U.S. Sen. Lamar Alexander on Tuesday called on Tennessee's congressional delegation to get behind legislation that he termed "a huge step" toward building a new Chickamauga Lock.
Alexander, R-Tenn., in remarks prior to a Better Business Bureau of Greater Chattanooga meeting, also said there's no chance TVA will be sold as proposed by the Obama administration.
"Overall, I'd be afraid a sale might mean higher electric bills and industrial rates," he said.
Concerning the lock, Alexander noted the U.S. Senate this month passed his legislation that takes out the requirement that Inland Waterways Trust Fund money finance an Ohio River project that he said uses up almost all the money for lock replacement countrywide. Also, he said, the measure restates a capital development plan that outlines priorities for the fund.
Alexander said the $600 million cost of building a new and bigger Chickamauga Lock still would x require a fee increase that commercial barge companies already support in order to speed up work.
"There's a big difference between individual tax rates and user fees," he said about an increase in fuel costs. "If big barge companies want to pay more, that's a no-brainer to me."
Fishermen and boaters would get the advantage of getting through the lock more rapidly without paying any more money, Alexander said.
"I think that's an offer we ought to take up," he said. "I hope our delegation from Tennessee and others around the country would accept that."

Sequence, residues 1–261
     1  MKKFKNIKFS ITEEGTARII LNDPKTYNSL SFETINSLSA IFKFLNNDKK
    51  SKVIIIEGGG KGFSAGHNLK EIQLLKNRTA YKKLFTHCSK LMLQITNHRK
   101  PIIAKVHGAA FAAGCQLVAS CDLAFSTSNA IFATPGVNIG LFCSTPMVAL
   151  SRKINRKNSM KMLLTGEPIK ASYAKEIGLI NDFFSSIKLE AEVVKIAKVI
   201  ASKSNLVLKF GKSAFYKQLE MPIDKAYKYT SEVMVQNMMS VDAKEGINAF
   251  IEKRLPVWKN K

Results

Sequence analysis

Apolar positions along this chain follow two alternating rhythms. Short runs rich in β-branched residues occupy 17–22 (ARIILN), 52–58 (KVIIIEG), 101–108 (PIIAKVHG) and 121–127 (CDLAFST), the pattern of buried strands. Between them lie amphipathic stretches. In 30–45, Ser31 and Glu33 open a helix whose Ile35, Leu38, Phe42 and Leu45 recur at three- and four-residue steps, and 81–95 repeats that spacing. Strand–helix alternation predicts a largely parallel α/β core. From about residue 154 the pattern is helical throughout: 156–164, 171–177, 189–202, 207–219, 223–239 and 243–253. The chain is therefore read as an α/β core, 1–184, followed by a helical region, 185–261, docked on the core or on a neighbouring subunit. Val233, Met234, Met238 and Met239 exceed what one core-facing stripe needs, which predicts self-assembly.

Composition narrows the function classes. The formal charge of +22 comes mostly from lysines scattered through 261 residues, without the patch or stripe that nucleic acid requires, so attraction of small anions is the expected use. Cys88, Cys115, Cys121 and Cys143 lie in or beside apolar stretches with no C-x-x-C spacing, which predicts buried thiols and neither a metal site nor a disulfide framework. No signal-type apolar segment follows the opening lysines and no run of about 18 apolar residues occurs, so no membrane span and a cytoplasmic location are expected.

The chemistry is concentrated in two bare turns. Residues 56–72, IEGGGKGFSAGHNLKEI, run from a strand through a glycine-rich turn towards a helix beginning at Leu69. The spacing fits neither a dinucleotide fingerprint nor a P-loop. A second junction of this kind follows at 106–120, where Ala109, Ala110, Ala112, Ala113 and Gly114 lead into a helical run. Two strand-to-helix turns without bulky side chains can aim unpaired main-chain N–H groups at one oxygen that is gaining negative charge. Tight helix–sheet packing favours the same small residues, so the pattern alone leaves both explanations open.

U.S. Rep. Chuck Fleischmann, R-Tenn., is among those reluctant to support higher taxes to pay for Army Corps of Engineers projects. Fleischmann said earlier this month he advocates an overall fix to the nation's infrastructure, including waterways.
"The good news is that both sides of the aisle are looking at the problem," he said. "Everything's on the table."
The present 73-year-old lock could be shut down because of problems caused by "concrete growth" in the structure's rock aggregate. Closing the lock would cut off a key transportation and economic artery for East Tennessee and put another 100,000 trucks on the highways, Alexander has said.
Meanwhile, Alexander said selling TVA isn't a good idea. The Office of Management and Budget proposed last month a strategic study of whether the federal government should sell TVA to pay off the utility's nearly $25 billion debt and "help put the nation on a sustainable fiscal path."
The senator said TVA assets could be used in more efficient ways, but with recent top executive additions "TVA is poised for five-10 years of strong leadership and stable rates."
Bill Johnson, a former CEO for Progress Energy in North Carolina, became CEO of TVA in January.
Additionally, Alexander worried about the implementation of Obamacare.
"Businesses all over our state are worried about the cost," he said.
Alexander has accused Health and Human Services Secretary Kathleen Sebelius of "making an end run around Congress" by trying to find funding from a private organization to assist with Obamacare implementation.
At the BBB meeting, six Torch Award winners were named for marketplace ethics.
Ethan Collier, CEO of Collier Construction, which won in the under 11-employee category, said the award doesn't mean it hasn't received any complaints.
"No one has complained to the BBB," he said, adding the award shows "how you deal with complaints. It's how you respond and care for your customers."